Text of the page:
Report: how a marine expedition off the coast of New Zealand allowed a geologist to find out more about slow-slip earthquakes
I’m a structural geologist which means I study cracks in the earth. I do this because these cracks influence important geological processes like the creation of natural resources and the movement of tectonic plates which can cause earthquakes. My work has taken me from the Italian Alps to the geothermal fields of New Zealand, and now, a marine expedition onboard the JOIDES Resolution research ship in the Pacific Ocean off the east coast of New Zealand.
In December, I joined the ship for part of a six week International Ocean Discovery Program (IODP), an international research collaboration that co-ordinates seagoing expeditions to explore the Earth's history by studying sediments and rocks beneath the seafloor. The scientific drillship, JOIDES Resolution, is part of this program and hosts international, collaborative research expeditions throughout the year. Important components of the JOIDES Resolution's expeditions include education and outreach designed to engage communities around the world in the activities of the IODP, JOIDES Resolution, and each individual expedition's research.
A key aspect of this outreach are live ship-to-shore broadcast events hosted by each expedition's education and outreach officer(s). These events are open to anyone - students, the general public, and other groups - around the world, and are customised for each group depending on needs, interests, and education level. The live events are a great opportunity to engage your students and community in international scientific exploration and inspire future generations to pursue STEM careers.
It’s my first time on a marine expedition. I’ve never been at sea longer than it takes to go from Larne to Stranraer before and I was pretty worried in the beginning about sea sickness and cabin fever. Nearly four weeks in, I’m more concerned about running out of good coffee and keeping pace with analysing the fantastic datasets we’re collecting.
So, what is a geologist who studies cracks in rocks doing floating around in the ocean? Well, the JOIDES Resolution is a research vessel capable of drilling beneath the seafloor, where it collects samples and other data on the rocks there. It does this in order to answer geological questions at the global scale, and our expedition, 372 (#EXP372), led by Dr Philip Barnes (NIWA), and Professor Ingo Pecher (University of Auckland), is no different. We have two scientific queries: (i) do gas hydrates play a role in submarine landslides activity? and (ii) why do slow-slip earthquakes occur in subduction zones?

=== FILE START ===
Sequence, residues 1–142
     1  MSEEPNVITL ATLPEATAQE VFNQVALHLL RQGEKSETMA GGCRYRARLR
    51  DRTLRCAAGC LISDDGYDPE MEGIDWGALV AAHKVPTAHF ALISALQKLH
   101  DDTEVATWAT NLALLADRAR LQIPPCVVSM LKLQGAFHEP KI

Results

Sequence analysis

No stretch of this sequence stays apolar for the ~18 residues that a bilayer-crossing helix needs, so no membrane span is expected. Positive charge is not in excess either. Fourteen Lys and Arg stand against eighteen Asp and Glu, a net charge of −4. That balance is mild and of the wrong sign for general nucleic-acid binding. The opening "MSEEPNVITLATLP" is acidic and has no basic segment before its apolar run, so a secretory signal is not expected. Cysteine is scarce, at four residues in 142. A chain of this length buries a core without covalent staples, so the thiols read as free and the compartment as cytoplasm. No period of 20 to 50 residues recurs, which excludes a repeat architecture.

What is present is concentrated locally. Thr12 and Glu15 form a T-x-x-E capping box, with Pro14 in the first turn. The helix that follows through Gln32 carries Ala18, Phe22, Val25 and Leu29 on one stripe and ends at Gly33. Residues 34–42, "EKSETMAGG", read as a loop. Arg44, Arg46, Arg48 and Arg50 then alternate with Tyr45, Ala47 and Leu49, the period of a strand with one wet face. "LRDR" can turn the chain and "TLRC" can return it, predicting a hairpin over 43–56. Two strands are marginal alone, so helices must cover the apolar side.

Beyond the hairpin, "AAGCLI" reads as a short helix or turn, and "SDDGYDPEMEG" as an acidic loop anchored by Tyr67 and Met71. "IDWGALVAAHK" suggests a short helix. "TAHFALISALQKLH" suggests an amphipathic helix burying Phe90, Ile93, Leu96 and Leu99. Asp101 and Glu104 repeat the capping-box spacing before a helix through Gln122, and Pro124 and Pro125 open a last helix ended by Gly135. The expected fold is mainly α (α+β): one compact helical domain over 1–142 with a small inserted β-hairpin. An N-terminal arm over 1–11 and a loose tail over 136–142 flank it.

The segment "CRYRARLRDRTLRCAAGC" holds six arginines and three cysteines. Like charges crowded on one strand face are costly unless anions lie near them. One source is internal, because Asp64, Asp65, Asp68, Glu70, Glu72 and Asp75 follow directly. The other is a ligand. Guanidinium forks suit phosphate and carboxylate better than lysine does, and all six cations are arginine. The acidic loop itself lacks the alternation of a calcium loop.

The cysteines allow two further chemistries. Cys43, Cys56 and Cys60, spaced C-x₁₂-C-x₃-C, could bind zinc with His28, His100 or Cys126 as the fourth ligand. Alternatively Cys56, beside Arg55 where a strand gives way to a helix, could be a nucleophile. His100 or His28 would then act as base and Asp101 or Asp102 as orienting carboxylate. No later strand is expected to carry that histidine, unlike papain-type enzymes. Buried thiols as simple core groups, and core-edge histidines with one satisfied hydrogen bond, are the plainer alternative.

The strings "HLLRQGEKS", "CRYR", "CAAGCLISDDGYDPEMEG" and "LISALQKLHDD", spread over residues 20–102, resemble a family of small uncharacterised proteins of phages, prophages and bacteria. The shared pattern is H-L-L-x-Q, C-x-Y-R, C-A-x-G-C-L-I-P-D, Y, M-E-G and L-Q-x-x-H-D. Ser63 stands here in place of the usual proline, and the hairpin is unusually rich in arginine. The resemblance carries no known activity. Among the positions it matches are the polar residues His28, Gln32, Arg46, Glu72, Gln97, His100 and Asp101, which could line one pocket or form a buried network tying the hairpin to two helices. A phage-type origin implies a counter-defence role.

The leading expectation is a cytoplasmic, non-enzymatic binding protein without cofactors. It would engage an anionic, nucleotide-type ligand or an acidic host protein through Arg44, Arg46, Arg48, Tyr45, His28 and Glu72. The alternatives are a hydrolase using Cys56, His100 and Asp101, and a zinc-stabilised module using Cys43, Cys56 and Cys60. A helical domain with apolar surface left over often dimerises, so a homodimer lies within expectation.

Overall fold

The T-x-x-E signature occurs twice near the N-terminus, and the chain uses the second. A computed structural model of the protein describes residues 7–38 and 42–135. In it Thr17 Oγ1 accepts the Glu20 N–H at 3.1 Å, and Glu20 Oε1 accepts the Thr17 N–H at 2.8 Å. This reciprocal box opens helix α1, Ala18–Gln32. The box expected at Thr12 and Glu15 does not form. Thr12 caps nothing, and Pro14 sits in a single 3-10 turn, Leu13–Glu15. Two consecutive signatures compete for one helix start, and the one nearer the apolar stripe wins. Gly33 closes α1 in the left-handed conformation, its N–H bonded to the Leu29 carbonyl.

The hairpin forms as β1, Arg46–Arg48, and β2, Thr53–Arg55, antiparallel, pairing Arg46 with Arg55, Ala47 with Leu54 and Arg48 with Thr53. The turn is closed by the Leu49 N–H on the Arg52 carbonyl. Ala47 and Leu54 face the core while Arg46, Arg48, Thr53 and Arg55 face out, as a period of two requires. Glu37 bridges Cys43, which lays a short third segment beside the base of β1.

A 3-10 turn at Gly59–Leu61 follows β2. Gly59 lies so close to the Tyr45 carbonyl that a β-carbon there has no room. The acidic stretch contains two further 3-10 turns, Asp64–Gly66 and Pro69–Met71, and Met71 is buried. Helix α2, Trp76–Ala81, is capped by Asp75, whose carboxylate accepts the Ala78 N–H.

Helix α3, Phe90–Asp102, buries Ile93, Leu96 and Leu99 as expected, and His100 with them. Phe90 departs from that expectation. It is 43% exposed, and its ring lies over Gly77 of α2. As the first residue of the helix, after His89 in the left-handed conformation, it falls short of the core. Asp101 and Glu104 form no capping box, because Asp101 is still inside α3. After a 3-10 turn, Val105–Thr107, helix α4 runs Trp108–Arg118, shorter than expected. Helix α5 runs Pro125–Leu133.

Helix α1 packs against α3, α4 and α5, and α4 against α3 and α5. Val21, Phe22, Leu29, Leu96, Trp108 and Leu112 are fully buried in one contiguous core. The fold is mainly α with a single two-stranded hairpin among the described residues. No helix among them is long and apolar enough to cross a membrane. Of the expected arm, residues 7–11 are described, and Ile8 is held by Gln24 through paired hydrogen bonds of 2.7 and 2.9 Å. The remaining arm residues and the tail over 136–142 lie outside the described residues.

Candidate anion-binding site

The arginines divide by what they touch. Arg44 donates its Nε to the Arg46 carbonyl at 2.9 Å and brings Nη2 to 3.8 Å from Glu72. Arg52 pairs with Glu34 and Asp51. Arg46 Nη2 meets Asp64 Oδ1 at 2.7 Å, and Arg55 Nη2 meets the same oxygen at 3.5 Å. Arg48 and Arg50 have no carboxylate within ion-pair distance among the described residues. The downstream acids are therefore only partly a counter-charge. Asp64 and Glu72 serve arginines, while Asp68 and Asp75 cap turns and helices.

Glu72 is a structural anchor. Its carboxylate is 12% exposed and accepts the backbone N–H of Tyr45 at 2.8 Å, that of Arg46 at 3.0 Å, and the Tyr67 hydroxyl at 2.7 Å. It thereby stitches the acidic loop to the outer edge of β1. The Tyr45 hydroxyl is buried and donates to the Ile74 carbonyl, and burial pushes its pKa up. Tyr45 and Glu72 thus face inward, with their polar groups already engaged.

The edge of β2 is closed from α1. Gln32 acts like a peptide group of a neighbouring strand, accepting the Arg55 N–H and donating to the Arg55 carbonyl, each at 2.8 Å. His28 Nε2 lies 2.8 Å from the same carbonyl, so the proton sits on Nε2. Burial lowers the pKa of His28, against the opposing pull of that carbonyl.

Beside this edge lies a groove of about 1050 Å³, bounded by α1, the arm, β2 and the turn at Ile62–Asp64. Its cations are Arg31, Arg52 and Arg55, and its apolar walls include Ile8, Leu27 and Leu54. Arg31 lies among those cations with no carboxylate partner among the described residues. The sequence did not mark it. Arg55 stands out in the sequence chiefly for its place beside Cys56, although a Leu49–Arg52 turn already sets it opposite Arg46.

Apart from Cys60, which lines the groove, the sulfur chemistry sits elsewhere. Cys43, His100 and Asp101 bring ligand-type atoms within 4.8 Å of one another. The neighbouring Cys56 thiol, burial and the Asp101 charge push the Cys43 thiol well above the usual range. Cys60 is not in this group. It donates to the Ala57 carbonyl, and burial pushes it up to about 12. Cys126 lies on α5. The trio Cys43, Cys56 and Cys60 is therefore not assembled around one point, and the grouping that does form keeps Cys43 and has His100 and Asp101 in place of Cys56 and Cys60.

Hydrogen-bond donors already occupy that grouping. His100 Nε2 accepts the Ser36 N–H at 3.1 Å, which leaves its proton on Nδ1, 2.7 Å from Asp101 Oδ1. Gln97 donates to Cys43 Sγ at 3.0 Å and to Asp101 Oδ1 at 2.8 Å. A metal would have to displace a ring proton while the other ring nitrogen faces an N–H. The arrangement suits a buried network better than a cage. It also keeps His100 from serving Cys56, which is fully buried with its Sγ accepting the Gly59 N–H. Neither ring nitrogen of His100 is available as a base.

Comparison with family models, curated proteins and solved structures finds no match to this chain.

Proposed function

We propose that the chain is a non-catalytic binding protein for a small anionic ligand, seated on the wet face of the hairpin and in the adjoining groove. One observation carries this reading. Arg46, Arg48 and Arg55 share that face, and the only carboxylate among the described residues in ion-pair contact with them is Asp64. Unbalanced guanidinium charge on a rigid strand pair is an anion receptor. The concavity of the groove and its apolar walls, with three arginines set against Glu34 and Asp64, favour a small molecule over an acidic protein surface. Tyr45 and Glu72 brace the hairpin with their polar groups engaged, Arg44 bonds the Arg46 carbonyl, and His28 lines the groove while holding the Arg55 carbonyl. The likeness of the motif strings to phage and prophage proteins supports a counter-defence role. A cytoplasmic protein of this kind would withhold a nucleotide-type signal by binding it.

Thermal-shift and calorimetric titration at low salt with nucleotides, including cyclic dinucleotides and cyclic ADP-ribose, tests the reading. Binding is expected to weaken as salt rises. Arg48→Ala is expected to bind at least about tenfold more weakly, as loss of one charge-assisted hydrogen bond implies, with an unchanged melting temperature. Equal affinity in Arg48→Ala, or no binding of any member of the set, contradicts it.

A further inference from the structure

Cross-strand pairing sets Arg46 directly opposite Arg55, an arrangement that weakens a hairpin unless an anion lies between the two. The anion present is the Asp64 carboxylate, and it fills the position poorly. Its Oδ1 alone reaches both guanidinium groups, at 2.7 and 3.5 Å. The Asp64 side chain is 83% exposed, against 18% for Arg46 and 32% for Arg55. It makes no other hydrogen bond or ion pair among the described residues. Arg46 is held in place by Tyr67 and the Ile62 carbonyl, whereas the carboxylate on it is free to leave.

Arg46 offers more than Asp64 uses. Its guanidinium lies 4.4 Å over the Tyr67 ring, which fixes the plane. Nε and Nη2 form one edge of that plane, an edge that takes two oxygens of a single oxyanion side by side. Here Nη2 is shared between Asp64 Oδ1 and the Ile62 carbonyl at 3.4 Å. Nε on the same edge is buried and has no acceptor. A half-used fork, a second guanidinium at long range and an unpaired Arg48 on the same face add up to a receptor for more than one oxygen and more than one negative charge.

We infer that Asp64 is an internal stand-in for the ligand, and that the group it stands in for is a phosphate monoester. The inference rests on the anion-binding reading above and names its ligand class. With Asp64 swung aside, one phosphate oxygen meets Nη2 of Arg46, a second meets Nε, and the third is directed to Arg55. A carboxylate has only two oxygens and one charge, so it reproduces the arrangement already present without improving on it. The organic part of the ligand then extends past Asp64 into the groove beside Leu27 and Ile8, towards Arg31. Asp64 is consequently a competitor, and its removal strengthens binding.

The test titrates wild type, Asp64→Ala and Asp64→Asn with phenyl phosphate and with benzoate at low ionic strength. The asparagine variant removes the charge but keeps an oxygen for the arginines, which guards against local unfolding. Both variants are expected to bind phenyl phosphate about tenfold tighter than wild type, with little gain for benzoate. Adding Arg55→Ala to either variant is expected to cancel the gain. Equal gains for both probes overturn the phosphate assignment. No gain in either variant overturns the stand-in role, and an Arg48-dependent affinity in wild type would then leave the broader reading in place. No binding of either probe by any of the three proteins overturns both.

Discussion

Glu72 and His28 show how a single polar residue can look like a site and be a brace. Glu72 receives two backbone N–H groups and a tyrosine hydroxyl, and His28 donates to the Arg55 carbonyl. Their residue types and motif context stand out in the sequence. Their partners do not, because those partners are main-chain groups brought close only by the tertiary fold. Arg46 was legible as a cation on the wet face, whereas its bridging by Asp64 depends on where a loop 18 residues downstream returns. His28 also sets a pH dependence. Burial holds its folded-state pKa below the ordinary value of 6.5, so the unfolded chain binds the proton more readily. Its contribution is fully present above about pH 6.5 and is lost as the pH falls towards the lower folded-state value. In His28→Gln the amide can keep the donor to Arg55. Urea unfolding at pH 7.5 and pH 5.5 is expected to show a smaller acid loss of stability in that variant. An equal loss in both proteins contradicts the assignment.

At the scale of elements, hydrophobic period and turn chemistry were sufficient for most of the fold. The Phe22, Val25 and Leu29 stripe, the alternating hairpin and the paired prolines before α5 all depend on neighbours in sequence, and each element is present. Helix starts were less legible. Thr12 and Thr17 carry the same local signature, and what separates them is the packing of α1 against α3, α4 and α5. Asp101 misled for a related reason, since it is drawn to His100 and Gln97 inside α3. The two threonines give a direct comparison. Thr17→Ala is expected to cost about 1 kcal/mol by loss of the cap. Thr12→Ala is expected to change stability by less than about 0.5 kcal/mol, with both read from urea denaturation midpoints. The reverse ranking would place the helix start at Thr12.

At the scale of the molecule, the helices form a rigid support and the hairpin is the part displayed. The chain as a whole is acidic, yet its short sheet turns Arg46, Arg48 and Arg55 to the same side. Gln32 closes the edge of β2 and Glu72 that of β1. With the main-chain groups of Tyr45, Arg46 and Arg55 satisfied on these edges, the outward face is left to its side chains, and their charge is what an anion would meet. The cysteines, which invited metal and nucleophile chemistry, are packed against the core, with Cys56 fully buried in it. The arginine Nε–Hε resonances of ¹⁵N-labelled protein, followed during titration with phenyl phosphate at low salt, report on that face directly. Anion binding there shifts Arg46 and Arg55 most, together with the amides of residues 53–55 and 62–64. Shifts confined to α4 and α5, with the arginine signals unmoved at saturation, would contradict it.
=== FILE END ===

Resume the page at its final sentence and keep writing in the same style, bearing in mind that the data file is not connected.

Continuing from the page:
I could geek out about these images for ages, but I’ll hold back for now
The east coast of the north island of New Zealand is a rare spot on the globe that provides excellent examples of both these geological phenomena for study, which is why it was selected as an expedition site. But while the submarine landslides are a fascinating topic of study, it is the slow slip earthquakes that really captured my interest.
New Zealand’s north island sits atop a tectonic plate boundary, where the Pacific plate is being forced under the Australian plate, creating what is known as a subduction zone. This generates a lot of geological activity, including both short, fast earthquakes like the ones we are all familiar with, and slow-slip, or "silent", earthquakes. Basically, fast movement on a fault-line defines a normal earthquake, whereas slow or "creeping" movement defines these odd slow-slip earthquakes.
For the last couple of years, I’ve worked with scientists in New Zealand to measure the forces that drive the plate movements along New Zealand’s east coast. We believe variations in these forces in different areas of the subduction zone may have something to do with why different types of earthquakes occur in different areas. Slow-slip earthquakes have been documented around the globe, but nowhere better than New Zealand, where they seem to be focused in the shallow, northern part of the subduction zone. When I heard IODP was collecting drilling data from this region, I had to sign up.
The particular dataset I am helping to collect and interpret at sea are borehole images, essentially pictures of what the inside of the well looks like. As we drill a well, a special tool attached above the drill measures the changing electrical responses of the various rock layers and structures to make images of the inside of the well.
Using these images, I can visualise and measure faults, fractures, and stress related features, all of which allow me perform calculations of the earth’s tectonic forces. I could geek out about these images for ages, but I’ll hold back for now! I’m hoping the new data I get from this scientific endeavour will help me understand subduction zone behaviour and that my research will assist others in studying the hazard risks posed by the different earthquake types in this region, and around the globe.
Scientist spots on each IODP voyage are limited to around 30 or so people and are competed for by researchers from all over the world, so I feel honoured to be here representing Irish science. In fact, Ireland is doubly blessed on this expedition as I am one of two Irish researchers invited to join expedition 372. Dr Aggie Georgiopoulou from UCD is also on board assisting with the submarine landslide research, an analogue to her own research on landslides in the Rockall Trough off the west coast of Ireland. It is thanks to the Geological Survey of Ireland that we are both able to be here as they maintain Ireland’s membership with IODP and the globally important research they do. Being able to work with scientists from all over the world in this miniature melting pot of cultures, exchanging ideas and expertise, has been a rare privilege.
The views expressed here are those of the author and do not represent or reflect the views of RTÉ